At the back end of last week, fellow blogger JuliaM and I had some fun responding to this set of Tweets (you can read the whole thing here if you wish). I might be being a bit unfair picking on this chap in particular, but I do so because he’s indicative of a much wider problem. It starts with him complaining about the mess which is Universal Credit. That part I can well believe – it is a government-run scheme after all – but it’s the underlying story that is more interesting.
Where to begin? Firstly, I don’t know much about Aspergers and depression, so I can’t say whether these are real and serious impediments to getting a job or he’s just being a fanny. What I have noticed is that these afflictions seem to be rather prevalent among middle-class lefty political commentators; if people working on construction projects around the world suffer similarly, they generally don’t mention it. And I’ll note these disabilities didn’t seem to stop him getting a degree. As for anxiety? Well, that’s an unfortunate side effect of being alive.
Secondly, he’s only now finding out that a BA Honours Degree in Media Writing is worthless. He says his degree is appropriate for certain fields and in the same sentence says these fields actually require different degrees. He’s also only just finding out that media and journalism are difficult fields to break into. It sounds to me as though he didn’t bother doing proper research into what fields he wanted to work in, what the entry requirements are, and what the demand for such work is.
Note that he is calling himself a freelance writer. He complains most potential employers want experience. This chap is 25 and appears to have no relevant experience he can show an employer, which raises the question: what they hell has he been doing between 18-25? If he wanted to be a freelance writer, he should have got out there and done some freelance writing. Does he have a blog? Has he done any freebies to get his name about? Or is he just expecting to turn up in a job aged 25 with no experience on the basis of a worthless degree.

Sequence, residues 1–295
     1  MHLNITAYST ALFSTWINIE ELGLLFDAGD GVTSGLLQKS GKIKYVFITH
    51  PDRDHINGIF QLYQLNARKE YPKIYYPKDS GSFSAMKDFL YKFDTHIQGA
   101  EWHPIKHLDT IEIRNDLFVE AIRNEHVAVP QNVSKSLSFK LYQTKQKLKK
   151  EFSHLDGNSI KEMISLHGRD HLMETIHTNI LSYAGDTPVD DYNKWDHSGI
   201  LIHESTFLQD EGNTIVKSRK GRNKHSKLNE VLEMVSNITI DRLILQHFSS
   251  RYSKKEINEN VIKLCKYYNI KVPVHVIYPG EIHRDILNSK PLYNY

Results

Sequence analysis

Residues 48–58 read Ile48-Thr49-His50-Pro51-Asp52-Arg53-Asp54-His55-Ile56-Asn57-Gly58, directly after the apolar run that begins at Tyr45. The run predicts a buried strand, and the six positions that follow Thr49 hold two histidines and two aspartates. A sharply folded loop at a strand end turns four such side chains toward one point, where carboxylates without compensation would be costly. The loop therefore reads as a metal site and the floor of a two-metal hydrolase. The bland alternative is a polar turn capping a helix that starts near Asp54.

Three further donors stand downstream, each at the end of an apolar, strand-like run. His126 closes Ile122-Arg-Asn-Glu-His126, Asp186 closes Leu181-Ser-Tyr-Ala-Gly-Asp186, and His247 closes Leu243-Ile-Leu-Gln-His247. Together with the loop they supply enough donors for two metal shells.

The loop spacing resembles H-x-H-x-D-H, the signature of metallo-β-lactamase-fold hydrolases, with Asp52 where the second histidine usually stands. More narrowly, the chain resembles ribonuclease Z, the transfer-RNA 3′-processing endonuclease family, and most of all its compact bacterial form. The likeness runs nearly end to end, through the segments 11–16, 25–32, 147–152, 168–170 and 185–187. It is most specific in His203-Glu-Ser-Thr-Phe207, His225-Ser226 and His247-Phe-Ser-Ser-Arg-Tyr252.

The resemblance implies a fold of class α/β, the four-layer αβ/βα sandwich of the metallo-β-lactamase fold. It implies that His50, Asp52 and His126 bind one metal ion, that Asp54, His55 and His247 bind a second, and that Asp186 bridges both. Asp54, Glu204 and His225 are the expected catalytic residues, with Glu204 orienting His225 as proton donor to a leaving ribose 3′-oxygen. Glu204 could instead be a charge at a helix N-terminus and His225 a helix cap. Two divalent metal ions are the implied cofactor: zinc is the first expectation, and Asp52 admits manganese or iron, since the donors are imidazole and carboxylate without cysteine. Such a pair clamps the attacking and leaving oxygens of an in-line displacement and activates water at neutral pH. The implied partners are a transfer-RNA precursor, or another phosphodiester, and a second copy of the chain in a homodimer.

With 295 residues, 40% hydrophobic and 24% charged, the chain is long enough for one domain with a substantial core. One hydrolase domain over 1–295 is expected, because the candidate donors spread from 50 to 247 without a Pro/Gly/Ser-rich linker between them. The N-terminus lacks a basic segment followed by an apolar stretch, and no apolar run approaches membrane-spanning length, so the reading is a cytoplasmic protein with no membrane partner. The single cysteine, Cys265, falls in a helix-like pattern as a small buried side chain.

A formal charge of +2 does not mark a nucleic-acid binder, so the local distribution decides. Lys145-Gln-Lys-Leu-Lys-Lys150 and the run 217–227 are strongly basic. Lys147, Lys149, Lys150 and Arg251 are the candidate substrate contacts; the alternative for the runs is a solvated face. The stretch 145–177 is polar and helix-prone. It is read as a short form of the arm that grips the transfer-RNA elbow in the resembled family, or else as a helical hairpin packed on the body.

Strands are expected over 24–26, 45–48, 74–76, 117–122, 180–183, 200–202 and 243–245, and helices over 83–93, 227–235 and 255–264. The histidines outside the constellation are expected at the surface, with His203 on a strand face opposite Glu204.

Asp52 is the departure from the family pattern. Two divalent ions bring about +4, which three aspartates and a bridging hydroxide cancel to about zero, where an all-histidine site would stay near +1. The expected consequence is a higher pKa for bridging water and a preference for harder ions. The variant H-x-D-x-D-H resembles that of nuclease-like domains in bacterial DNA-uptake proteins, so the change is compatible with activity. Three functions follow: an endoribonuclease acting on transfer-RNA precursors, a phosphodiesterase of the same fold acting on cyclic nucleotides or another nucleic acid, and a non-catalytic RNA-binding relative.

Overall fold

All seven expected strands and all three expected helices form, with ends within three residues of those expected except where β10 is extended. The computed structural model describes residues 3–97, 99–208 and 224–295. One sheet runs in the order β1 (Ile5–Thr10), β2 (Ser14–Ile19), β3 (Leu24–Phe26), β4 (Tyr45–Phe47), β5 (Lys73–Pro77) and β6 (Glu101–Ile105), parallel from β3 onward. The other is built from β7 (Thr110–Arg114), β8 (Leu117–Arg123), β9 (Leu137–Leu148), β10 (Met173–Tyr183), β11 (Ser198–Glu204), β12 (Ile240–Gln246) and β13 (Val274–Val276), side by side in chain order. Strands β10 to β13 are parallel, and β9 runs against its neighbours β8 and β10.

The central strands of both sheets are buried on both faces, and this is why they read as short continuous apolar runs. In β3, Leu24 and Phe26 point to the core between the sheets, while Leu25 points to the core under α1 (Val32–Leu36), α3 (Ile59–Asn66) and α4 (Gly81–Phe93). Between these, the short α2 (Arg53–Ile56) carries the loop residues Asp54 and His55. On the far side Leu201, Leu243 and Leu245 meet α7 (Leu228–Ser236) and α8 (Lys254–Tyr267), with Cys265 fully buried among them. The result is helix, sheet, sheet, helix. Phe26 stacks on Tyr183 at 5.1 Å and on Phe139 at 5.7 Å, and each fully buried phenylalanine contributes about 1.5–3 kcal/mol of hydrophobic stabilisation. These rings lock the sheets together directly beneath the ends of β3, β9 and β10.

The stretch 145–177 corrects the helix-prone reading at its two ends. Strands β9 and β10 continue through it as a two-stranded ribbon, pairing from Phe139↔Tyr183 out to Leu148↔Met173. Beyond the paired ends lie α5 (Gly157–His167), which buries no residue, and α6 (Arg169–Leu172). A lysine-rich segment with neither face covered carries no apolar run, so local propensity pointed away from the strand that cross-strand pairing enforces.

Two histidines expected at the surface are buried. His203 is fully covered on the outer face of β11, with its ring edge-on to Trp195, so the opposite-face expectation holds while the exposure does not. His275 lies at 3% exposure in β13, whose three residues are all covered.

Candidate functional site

Also, if you suffer from depression and anxiety, is freelance writing a wise career choice? Freelance anything looks pretty stressful, particularly writing. “Freelance work dried up”? Was there any to begin with?
Then we have the idea that retail, customer service, and bar work are jobs university graduates take as they “break into their careers”. Well, back in my day these were jobs you did while you were at university. Nobody “breaks into their careers” doing bar work, unless you want to be a barman. It seems as though this chap, at age 25, has never held a job of any sort in his life. Now this might be due to his Aspergers, but the fact he seems unaware that students are (or were) expected to work in the holidays suggests that’s not the only factor in play here. The benefit of crappy student jobs is not just the beer money, it also gives you the beginnings of a CV. My first job was as a teenager scrabbling around on a farm. The farmer wrote me a reference when I got a formal summer job on a different farm. That farm’s manager gave me a reference when I applied for a job at Toys R Us a few months later. Flogging toys has little to do with picking cabbages and driving tractors, but when you’re 19 a letter from an adult confirming you can turn up on time and not steal anything is invaluable. My first proper job after university (aged 23) was something like the 6th or 7th job I’d held. If you’re 25 and trying to get your first job of any kind – well yeah, you’re going to struggle.